1. Warnings are horribly context sensitive. It's difficult enough to remove all the warnings given a single fully constrained environment. As soon as you start to vary the compiler version, the platform you're building on, or the versions of the (potentially many) prerequisites you're building against, getting accidental warnings is almost inevitable. (And you can't test against all possibilities, because some of those variations might not even exist at the point of software release.)
  2. The warnings are only meaningful to the original developer. The person who has downloaded the code and is trying to build it has no reason to be burdened by all the warnings, let alone be inconvenienced by unnecessary build failures.
To be clear, I'm not saying - at all - that the original developer shouldn't be using -Werror and fixing all the warnings (and you might want to enable it for your CI builds to be sure you catch regressions), but distributing code with it enabled is simply being rude to your users.

(Having a build target that generates a warning report that you can send back to the developer would be useful, though.)

Friday, July 24, 2015

boot2docker on Tribblix

Containers are the new hype, and Docker is the Poster Child. OK, I've been running containerized workloads on Solaris with zones for over a decade, so some of the ideas behind all this are good; I'm not so sure about the implementation.

The fact that there's a lot of buzz is unmistakeable, though. So being familiar with the technology can't be a bad idea.

I'm running Tribblix, so running Docker natively is just a little tricky. (Although if you actually wanted to do that, then Triton from Joyent is how to do it.)

But there's boot2docker, which allows you to run Docker on a machine - by spinning up a copy of VirtualBox for you and getting that to actually do the work. The next thought is obvious - if you can make that work on MacOS X or Windows, why not on any other OS that also supports VirtualBox?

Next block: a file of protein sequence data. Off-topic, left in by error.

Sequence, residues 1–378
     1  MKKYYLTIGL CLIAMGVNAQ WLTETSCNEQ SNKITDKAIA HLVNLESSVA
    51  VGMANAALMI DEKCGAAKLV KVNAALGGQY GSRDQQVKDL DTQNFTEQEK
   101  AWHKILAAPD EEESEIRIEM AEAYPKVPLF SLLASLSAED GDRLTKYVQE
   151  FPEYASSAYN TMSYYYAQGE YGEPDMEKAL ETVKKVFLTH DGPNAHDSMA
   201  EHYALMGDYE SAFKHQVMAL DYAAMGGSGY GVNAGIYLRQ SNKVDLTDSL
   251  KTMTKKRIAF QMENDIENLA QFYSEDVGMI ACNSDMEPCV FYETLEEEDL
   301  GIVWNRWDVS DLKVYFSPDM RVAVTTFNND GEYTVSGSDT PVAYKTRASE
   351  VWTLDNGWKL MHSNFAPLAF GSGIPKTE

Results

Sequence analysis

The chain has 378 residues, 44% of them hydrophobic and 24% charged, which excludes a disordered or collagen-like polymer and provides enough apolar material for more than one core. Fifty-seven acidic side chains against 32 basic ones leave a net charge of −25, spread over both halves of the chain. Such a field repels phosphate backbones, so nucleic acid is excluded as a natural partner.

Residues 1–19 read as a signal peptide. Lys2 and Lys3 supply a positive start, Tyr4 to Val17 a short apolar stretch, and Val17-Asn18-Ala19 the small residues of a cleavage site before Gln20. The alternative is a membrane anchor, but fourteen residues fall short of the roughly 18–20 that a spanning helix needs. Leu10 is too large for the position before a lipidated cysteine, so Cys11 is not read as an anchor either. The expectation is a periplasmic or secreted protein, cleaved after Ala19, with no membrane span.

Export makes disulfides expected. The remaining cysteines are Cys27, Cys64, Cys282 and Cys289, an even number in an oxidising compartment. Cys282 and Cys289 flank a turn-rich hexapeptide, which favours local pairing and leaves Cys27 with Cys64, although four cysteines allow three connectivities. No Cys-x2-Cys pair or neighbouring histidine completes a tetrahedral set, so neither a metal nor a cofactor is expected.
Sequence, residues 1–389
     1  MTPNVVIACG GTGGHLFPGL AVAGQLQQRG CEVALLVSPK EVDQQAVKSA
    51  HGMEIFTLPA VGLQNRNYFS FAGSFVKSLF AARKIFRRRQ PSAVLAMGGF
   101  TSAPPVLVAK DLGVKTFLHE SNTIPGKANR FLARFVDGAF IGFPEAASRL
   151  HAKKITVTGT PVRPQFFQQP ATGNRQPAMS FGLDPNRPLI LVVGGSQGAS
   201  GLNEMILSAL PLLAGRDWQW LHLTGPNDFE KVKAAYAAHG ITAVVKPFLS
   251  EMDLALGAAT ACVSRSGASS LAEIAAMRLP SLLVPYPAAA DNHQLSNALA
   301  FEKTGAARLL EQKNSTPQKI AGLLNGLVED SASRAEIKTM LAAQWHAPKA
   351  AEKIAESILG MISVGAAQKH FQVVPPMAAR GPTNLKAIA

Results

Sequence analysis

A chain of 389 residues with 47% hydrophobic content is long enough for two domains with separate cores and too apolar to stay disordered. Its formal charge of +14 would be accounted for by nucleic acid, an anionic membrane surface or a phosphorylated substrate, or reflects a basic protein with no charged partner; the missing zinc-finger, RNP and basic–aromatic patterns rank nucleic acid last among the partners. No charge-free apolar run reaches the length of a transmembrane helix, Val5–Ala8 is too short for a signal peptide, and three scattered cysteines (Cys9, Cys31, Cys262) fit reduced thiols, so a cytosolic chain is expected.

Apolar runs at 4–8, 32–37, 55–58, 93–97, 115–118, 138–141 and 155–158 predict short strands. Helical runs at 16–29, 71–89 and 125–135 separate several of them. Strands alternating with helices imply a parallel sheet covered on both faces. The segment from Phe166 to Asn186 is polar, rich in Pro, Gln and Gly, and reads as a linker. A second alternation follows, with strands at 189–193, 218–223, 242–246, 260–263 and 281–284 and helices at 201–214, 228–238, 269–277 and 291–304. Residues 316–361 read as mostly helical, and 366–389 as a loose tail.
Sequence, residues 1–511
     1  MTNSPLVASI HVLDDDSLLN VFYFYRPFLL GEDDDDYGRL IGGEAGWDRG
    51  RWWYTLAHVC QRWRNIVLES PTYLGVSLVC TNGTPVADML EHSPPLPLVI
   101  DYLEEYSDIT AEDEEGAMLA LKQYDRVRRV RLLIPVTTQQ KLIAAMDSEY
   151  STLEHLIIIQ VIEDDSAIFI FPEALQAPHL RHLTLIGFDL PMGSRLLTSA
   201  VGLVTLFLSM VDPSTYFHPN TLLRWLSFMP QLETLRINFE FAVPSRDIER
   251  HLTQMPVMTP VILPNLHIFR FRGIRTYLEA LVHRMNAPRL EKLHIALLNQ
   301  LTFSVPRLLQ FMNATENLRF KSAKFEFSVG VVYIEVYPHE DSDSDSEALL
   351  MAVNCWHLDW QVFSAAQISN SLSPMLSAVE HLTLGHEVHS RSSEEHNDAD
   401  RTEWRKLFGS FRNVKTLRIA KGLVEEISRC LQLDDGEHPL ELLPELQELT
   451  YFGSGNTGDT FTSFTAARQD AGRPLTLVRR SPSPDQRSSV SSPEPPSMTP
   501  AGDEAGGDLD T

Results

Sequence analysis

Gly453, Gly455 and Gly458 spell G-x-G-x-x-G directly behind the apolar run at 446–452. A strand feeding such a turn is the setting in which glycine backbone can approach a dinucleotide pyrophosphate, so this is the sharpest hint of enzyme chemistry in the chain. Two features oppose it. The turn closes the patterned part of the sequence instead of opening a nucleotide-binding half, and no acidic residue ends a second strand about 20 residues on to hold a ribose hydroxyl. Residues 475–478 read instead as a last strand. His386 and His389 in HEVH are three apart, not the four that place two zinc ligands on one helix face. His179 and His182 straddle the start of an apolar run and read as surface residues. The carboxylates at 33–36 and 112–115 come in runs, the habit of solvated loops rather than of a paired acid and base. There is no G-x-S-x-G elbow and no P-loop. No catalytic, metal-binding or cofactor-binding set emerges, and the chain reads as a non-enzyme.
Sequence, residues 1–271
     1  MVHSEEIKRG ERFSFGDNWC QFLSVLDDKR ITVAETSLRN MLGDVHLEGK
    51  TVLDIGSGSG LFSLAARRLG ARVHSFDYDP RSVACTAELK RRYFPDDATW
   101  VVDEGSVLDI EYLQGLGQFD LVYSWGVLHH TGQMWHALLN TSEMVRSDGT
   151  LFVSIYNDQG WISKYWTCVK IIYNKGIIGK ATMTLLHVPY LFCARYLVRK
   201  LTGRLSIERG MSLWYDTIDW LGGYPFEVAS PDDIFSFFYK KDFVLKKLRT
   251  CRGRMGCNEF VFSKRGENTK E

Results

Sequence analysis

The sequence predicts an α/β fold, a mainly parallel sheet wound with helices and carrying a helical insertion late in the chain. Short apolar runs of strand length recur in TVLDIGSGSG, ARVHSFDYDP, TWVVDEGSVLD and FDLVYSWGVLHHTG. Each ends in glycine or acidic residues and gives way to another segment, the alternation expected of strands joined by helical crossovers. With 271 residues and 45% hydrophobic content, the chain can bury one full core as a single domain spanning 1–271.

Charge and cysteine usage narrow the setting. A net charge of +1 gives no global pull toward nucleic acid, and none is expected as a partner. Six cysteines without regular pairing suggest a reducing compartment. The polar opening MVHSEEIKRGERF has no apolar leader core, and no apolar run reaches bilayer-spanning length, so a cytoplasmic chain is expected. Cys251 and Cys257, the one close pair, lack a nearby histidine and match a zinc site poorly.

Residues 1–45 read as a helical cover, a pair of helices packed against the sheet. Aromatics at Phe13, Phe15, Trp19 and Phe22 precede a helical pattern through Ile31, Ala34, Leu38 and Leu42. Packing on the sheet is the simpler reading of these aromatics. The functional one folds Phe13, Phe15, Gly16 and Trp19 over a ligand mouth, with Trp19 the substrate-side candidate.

So, off we go. First port of call is to get VirtualBox installed on Tribblix. It's an SVR4 package, so should be easy enough. Ah, but, it has special-case handling for various Solaris releases that cause it to derail quite badly on illumos.

Turns out that Jim Klimov has a patchset to fix this. It doesn't handle Tribblix (yet), but you can take the same idea - and the same instructions - to fix it here. Unpack the SUNWvbox package from datastream to filesystem format, edit the file SUNWvbox/root/opt/VirtualBox/vboxconfig.sh, replacing the lines

             # S11 without 'pkg'?? Something's wrong... bail.
             errorprint "Solaris $HOST_OS_MAJORVERSION detected without executable $BIN_PKG !? I are confused."
             exit 1

with

         # S11 without 'pkg'?? Likely an illumos variant
         HOST_OS_MINORVERSION="152"

and follow Jim's instructions for updating the pkgmap, then just pkgadd from the filesystem image.

Next, the boot2docker cli. I'm assuming you have go installed already - on Tribblix, "zap install go" will do the trick. Then, in a convenient new directory,

env GOPATH=`pwd` go get github.com/boot2docker/boot2docker-cli

That won't quite work as is. There are a couple of patches. The first is to the file src/github.com/boot2docker/boot2docker-cli/virtualbox/hostonlynet.go. Look for the CreateHostonlyNet() function, and replace

    out, err := vbmOut("hostonlyif", "create")
    if err != nil {
        return nil, err
    }


with

    out, err := vbmOut("hostonlyif", "create")
    if err != nil {
               // default to vboxnet0
        return &HostonlyNet{Name: "vboxnet0"}, nil
    }


The point here is that , on a Solaris platform, you always get a hostonly network - that's what vboxnet0 is - so you don't need to create one, and in fact the create option doesn't even exist so it errors out.

The second little patch is that the arguments to SSH don't quite match the SunSSH that comes with illumos, so we need to remove one of the arguments. In the file src/github.com/boot2docker/boot2docker-cli/util.go, look for DefaultSSHArgs and delete the line containing IdentitiesOnly=yes (which is the option SunSSH doesn't recognize).

Then you need to rebuild the project.

env GOPATH=`pwd` go clean github.com/boot2docker/boot2docker-cli
env GOPATH=`pwd` go build github.com/boot2docker/boot2docker-cli

Then you should be able to play around. First, download the base VM image it'll run:

./boot2docker-cli download

Configure VirtualBox

./boot2docker-cli init

Start the VM

./boot2docker-cli up

Log into it

./boot2docker-cli ssh

Once in the VM you can run docker commands (I'm doing it this way at the moment, rather than running a docker client on the host). For example

docker run hello-world

Or,

docker run -d -P --name web nginx
 
Shut the VM down

./boot2docker-cli down

While this is interesting, and reasonably functional, certainly to the level of being useful for testing, a sign of the churn in the current container world is that the boot2docker cli is deprecated in favour of Docker Machine, but building that looks to be rather more involved.